From Yeomanettes to Fighter Jets; Skies of Thunder

Being there . . . for the current exceptional coverage of two early summertime reads dealing
with war matters until this time unknown, ignored, or beyond the usual military sphere. In both
books there are no finer definitions of courage and bravery, while, simply put, reading
relishable narratives. If the focus on the following two subject matters is to be broadened, as
certainly hoped for by this reviewer, war writers today and tomorrow will have to demonstrate
higher degrees of sheer resoluteness, bibliographic skill, and emotional cleverness in tapping
additional primary source information and last survivor interviews. Predicatively, completing
each read overnight, as you are customarily wont to do, with riveting writing on hitherto
neglected subjects, you, too, will appeal for greater widening of range and depth since intuition
tells you much greater knowledge remains to be gathered, organized, and narrated. Such a
thrusting proves that you are a military buff of the highest standard and rank, echoing
Montaigne’s assertion that, “Nothing is so firmly believed as what we least know.”
TWO FIRST-CLASS, FLESH-AND-BLOOD READING PRESENTATIONS, COMBINING 780 PAGES, OF
WAR STORIES, ONE OF AMERICAN WOMEN IN AERIAL COMBAT ROLES SO SPELLBINDING THE
READER WILL CONSUME BOTH OVERNIGHT BEFORE BREAKFAST. CAN THERE BE HIGHER
PRAISE? THANK THE AL-MIGHTY FOR THESE TWO ADDITIONAL SPLENDID, OMNIPOTENT
FEMALE AUTHOR-HISTORIANS!
Reviewed and highly, highly recommended by Don DeNevi
“FROM YEOMANETTES TO FIGHTER JETS – – A Century of Women in the U.S. Navy”, by Randy
Carol Goguen. Naval Institute Press, Annapolis, MD: 2024, 300 pages, 6 ¼” x 9 ½”, Women,
History, Military, $34.95; USNI members, a 40% discount for $20.97; and at Amazon, currently
$32.15.
“SKIES OF THUNDER – – The Deadly World War II Mission Over the Roof of the World”, by
Caroline Alexander. Viking, Penguin Random House: May 14, 2024, 480 pages, hardcover, 6 ¼” x
9 ¼”, $32. Visit, https://www.penguinrandomhouse.com.
From her painstakingly constructed easy-to-read chapters, Randy Carol Goguen, a retired
Navy Reserve Officer, introduces the significant progress women made integrating into the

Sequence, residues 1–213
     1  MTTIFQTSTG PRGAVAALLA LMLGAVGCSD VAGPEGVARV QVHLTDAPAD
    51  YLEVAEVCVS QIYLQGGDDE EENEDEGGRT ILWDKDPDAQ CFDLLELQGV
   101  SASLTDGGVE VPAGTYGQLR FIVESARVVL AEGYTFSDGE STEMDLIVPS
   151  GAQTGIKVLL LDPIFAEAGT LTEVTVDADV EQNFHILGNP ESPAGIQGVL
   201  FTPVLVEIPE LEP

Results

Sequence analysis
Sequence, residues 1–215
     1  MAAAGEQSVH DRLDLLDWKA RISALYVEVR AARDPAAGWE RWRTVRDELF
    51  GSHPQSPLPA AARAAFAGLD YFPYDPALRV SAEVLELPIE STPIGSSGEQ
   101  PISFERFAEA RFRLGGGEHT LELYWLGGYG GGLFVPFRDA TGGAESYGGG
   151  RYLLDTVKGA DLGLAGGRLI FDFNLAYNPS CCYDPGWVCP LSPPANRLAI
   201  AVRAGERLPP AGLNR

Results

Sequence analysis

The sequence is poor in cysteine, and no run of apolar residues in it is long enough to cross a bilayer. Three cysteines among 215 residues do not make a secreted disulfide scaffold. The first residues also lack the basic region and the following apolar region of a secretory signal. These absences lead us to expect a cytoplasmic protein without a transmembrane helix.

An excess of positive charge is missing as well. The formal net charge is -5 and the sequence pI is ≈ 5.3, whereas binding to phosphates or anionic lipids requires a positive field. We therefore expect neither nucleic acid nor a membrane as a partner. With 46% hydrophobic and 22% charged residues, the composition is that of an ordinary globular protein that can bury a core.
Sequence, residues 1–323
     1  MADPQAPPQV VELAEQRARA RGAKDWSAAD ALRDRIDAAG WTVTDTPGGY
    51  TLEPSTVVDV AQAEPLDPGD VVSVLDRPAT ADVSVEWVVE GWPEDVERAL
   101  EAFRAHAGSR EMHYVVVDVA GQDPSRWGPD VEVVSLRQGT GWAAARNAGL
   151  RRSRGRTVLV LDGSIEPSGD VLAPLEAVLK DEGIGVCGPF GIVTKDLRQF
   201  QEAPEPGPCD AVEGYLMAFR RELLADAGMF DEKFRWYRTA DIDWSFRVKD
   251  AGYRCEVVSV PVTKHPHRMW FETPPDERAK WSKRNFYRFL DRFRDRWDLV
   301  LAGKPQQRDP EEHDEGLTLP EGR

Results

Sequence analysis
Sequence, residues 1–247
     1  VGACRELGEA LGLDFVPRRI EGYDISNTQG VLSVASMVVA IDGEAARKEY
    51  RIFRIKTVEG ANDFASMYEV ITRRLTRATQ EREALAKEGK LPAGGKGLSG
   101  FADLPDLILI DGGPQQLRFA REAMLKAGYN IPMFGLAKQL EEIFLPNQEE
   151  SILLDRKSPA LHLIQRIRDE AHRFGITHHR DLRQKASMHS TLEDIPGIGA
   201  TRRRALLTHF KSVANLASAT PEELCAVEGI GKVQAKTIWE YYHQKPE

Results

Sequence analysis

operational force, which at long last opened doors to other opportunities. The Navy finally
welcomed women to almost all ship types, including, surprisingly, aircraft carriers, cruisers,
destroyers, frigates, amphibious warships, and mine countermeasure command boats. The
women who persevered through decades of cultural and institutional discrimination and
obstruction were finally earning salaries to lead and fully contribute to the Navy’s mission, “at
the pointy end of the spear,”
Today, as Randy Carol continues, integrating women into our Navy has been a long and often
contentious process, as women strove to overcome resistance imposed by prevailing cultural
and institution norms and patriarchal prejudices. This fine exemplar writes, “We have proven
ourselves essential to the mission success of the service. We are forward deployed around the
world, sharing the same risks as our male counterparts. Some have commanded logistics and

combatant ships including aircraft carriers. They fly and maintain combat and patrol aircraft
and serve as crewmembers on battleships and submarines. Some hold major commands ashore
and have risen to the highest echelons of Navy leadership.”
Meanwhile, from New York Times bestselling author, Caroline Alexander, comes an unusual,
admirably handled thriller of aerial combat, survival, and bravery in the Burmese skies as war
raged throughout the Pacific in 1942 – – and, on the battlegrounds of jungles, hills, and
mountains, with the Japanese Army, a massive, inexorable force advancing irresistibly, crushing
mostly whatever was in its path, cutting and capturing the only ground route between India
and China. By July of that year, all munitions and supplies to these critical areas would have to
be flown in daily across “the Hump”, a formidable Himalaya high mountain barrier into
southern China. Tackling rarely researched and written about historic battles and incidents,
Caroline Alexander unequivocally proves her capacity to research for and captivate her readers.
Once begun, try putting down “The Endurance” and “The Bounty”. Here, she brings her gifts to
the making of a pulsating throbber dealing with American airmen stationed not far from the
advancing, remorseless Japanese. By May 1942, they had to stop the relentless Japanese
juggernaut within striking distance of India.
Over the past 80+ years, Caroline Alexander is one of the very, very few writers to peruse
and draw upon the somber, hitherto unpublished, source, and eyewitness accounts of this
“minor” Hump aspect of the Pacific War. Who, in the American public, wanted to read about
the depressing news from Burma, i.e., 600+ Allied cargo-carrying planes buried in the Myanmar

  • – the era name for “Burma”; the 1,000-mile British retreat, the longest in the history of
    Britain’s army, through Burma to the border of India; the relieving of command of several
    nearsighted British commanders; continuous fierce fighting retreats. Yet, the Pacific Tide was
    bound to subside. Spectacular American naval victories, Midway and Japan’s first island defeat
    at Guadalcanal meant the United States was bouncing back. The days of flying fickle, untested
    outdated aircraft through monsoons and enemy fire, while trying to read torn, outdated,
    coffee-stained maps, while relying on cheap WWI means of navigation were over.
    Both informationally historic, “From Yeomanettes to Fighter Jets”, by Randy Carol Goguen,
    and Caroline Alexander’s “Skies of Thunder” demand prominent places on every serious
    military buff’s personal library shelf.

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